The Sickle Group comprises a diverse stratigraphy of quartzofeldspathic sandstone, pebbly sandstone, hornblende-bearing sandstone and pelite, and heterolithic conglomerate.

The Snow Lake primitive arc, which is composed of low-Ti refractory basalt lavas (Welch formation), boninite lavas, and isotopically juvenile felsic flows and tonalite plutons, has been interpreted by Bailes and Galley (1999) to be the result of high-temperature hydrous melting of refractory mantle sources in an extensional and/or proto-arc environment.

These impacts would result from changes in factors such as temperature extremes, air quality, water- and vector-borne diseases, and severe weather and climate events.

abbreviations: The more complex any science becomes, the more abbreviations, acronyms, initialisms and symbols we see in the literature. An abbreviation is a shortened form of a word or phrase. A period is generally (but not always) placed at the end of the shortened form. An acronym is a pronounceable word formed from the first letters of a series of words (e.g., NAFTA, SHRIMP). An initialism is also formed from the first letters of a series of words but is generally not pronounceable (e.g., GSC, USGS). Periods and spaces are omitted between the letters of acronyms and initialisms. A symbol is a non-alphanumeric character used to represent a word (e.g., $, @, %, ™, γ). These are often collectively referred to as 'abbreviations'.

There is nothing wrong with using abbreviations if they are written out the first time they appear in a report (with the abbreviation afterward in parentheses) and occasionally thereafter if it is a long report (except for those associated with units of measure). In fact, it would become rather tiresome if one had to write out ‘inductively coupled plasma  optical emission spectroscopy’ every time it was used in a report on geochemistry.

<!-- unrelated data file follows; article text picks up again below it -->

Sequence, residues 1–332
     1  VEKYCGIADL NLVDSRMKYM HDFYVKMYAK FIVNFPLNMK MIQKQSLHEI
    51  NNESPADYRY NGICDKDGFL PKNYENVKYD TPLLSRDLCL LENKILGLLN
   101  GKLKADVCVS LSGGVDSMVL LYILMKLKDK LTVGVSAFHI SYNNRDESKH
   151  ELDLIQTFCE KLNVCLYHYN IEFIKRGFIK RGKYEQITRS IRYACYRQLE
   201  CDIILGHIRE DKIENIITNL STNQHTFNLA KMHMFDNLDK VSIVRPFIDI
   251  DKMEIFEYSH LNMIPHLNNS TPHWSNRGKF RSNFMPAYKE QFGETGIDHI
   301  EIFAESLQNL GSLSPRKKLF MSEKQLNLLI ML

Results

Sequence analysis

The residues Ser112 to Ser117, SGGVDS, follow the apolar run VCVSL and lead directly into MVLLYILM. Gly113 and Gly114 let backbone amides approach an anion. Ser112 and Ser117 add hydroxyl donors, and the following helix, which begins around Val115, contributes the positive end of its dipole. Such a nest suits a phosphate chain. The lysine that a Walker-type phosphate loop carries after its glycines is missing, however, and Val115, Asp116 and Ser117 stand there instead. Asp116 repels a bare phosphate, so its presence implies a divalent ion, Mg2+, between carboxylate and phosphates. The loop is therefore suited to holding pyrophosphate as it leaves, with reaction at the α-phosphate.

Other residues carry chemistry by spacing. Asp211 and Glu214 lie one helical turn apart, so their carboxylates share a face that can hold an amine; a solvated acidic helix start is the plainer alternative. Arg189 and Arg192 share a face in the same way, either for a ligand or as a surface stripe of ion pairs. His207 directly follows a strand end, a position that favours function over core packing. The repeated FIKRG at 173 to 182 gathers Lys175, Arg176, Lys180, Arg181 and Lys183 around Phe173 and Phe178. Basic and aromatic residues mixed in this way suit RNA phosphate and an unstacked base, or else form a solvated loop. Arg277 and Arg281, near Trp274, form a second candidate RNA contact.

Every organization should collect and maintain a comprehensive list of abbreviations that are approved for use in its publications. This is the only way authors and their editors will know which of several commonly seen abbreviations (aver., ave. or av.) to use for ‘average’.

rock names (used in the plural): It is becoming increasingly common to see rock names and related adjectives used in the plural (e.g., carbonates, clastics, sands, shales, granites, metavolcanics, etc.). Although the reason for this practice is to save space, it is grammatically incorrect.

One instance where such usage can actually cause confusion is where ‘sediments’ is used as a substitute for ‘sedimentary rocks’, because the term ‘sediments’ is defined in the AGI Glossary of Geology as unconsolidated deposits of various kinds. The following example serves to illustrate the point: